Brad Imsdahl is a descendant of Norwegian immigrants who came to Minnesota. He's done a wonderful job of telling his family immigrant story, via a 25 minute mini-documentary, from Oppland Co., Norway to Brooten, Stearns and Pope Co. Minnesota. Brad’s great-grandparents, Peder and Marit Imsdal came from the Imsdalen, a remote valley located north of Lillehammer in Oppland County Norway. Peder immigrated in May 1884, worked on a farm, and later sent money to Norway for his wife and son to immigrate.
The YouTube video explores the reasons why so many Norwegians immigrated to Minnesota, about the Homestead Act, and why people changed their name, after immigrating. Of note, is Brad's explanation of the naming patterns, of Norwegians, (4 minutes) at 9:48. It should also be noted that these patterns varied through time and from area to area.
I learned of Brad, and his video, from a Norwegian Blogger named Martin Eidhammer. His picture and brief bio are below, as well as a link to his blog: Norwegian Genealogy and then some: Genealogy, history and culture from Norway.
Martin Roe Eidhammer is a Norwegian Blogger, living in Norway. He’s married, |
has three children and is, by profession, a psychiatric nurse. He grew up in Vestnes in Romsdal
(Møre og Romsdal county) and we are now living in Skjevik, east of the town Molde (M&R county)
30 September 2017
27 September 2017
Kitty Munson Cooper is a "a blogger, genetic genealogist, genealogist, programmer, web designer, speaker, mother, grandmother, gardener, dog lover, cat lover, and World Champion Bridge player." who writes a blog titled:
Digitalarkivet web site. The site, at first glance, appears to be rather stright forward, however I'm having challenges navigating it and wanted some insights. Kitty provided this in a blog posting that she wrote February 6, 2017 and updated on June 6, 2017.
In Kitty's own words ...
In Kitty's own words ...
Many of us Norwegian-American researchers have been complaining about the new archives and its search function. So I went to the talk by Finn Karlsen of the Digitalarkivet hoping to gain a better understanding. Of course the first thing he told us was that the old archive would die at the end of March as would the links we might have been using in our trees to reference data there. This is not news as we have been hearing it for a while... keep reading.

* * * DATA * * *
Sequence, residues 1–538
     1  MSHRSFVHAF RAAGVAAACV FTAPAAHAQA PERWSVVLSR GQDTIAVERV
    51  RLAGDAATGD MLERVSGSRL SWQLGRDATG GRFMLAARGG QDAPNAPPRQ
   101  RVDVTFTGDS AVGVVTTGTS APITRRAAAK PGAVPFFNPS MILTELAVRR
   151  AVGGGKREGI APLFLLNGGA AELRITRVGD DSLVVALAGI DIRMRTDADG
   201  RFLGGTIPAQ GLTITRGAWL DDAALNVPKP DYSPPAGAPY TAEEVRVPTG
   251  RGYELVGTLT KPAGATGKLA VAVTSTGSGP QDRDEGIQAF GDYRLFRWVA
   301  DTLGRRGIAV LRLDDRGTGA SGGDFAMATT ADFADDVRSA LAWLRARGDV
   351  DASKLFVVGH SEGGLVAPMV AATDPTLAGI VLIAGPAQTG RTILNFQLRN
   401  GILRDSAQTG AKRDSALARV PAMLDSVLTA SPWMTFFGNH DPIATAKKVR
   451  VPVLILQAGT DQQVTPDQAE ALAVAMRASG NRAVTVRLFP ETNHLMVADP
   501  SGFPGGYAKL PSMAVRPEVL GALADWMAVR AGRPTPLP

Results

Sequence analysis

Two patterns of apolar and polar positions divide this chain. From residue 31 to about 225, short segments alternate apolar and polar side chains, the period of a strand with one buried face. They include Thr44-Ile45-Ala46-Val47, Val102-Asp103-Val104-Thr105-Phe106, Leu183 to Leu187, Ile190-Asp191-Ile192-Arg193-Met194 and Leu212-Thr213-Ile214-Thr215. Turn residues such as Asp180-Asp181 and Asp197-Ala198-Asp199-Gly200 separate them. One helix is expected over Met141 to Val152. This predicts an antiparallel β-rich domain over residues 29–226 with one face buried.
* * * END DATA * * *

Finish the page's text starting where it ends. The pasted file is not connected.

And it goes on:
Kitty also has some other interesting posts that may be of interest:
- Kittiy's Family History - her father is 100% Norwegian-American
- Norwegian Genealogy
- Norway DNA Norgesprosjektet • Norwegian Names in your GEDCOM
- Translating Farm Books Using a Norwegian OCR Program
Check out her blog. It's well worth reading.
You can also read about the 'launching of the new digital archives (website) on the sites blog:
posted, May 26, 2017
17 September 2017
I recently attended an online Webinar (a seminar that is conducted over the World Wide Web) hosted by the Illinois State Genealogical Society. The title was "Luxembourgers on the Prairie: Researching your Luxembourg Ancestors" presented by a good friend, Lisa Oberg, She is a self proclaimed librarian, genealogist, and history enthusiast who lives and works in Seattle. The premise of the webinar, as stated in her fabulous handout, begins with "Small, but might, Luxembourg is a European county with a distinct culture and heritage. Throughout history, the county has been ruled by Germany, Franc, the Netherlands, Belgium and Spain." I'm not a Luxembourger, but the information she shared was amazing and useful for anyone.
To date, there are no known online tools to automatically translate from documents written in this script into English. :(
That said, I want to share with you a few links that I learned from Lisa as well as a recent reference to Gothic Script that I read in the Fall 2016 issue of Currents - The Newsletter of the Norwegian-American Historical Association (NAHA). Below is a clipping from that newsletter. It provides suggestions on how to read the Dano-Norwegian language that was used in Norway.
The author of the piece, Dale Hovland, is a member of the Hadeland Lag and a volunteer with the NAHA at St. Olaf College in Northfield, Minnesota. Kudos to him for sharing his knowledge.
Two of the many weblinks Lisa provided in her webinar handout help the user understand how to navigate the script.
The first: German Script Tutorial, provided by the BYU Family History Center. This site provides background information that can be useful in understanding what you are seeing on the printed page.
The second: German Scripts – Stephen P. Morse is located on the website produced by Stephen P. Morse: One Step Search Pages. These links are widely used by genealogists throughout the world.
I highly recommend that you check out all of the links in the Blog post, for further insight on how to read documents 'from the old country.'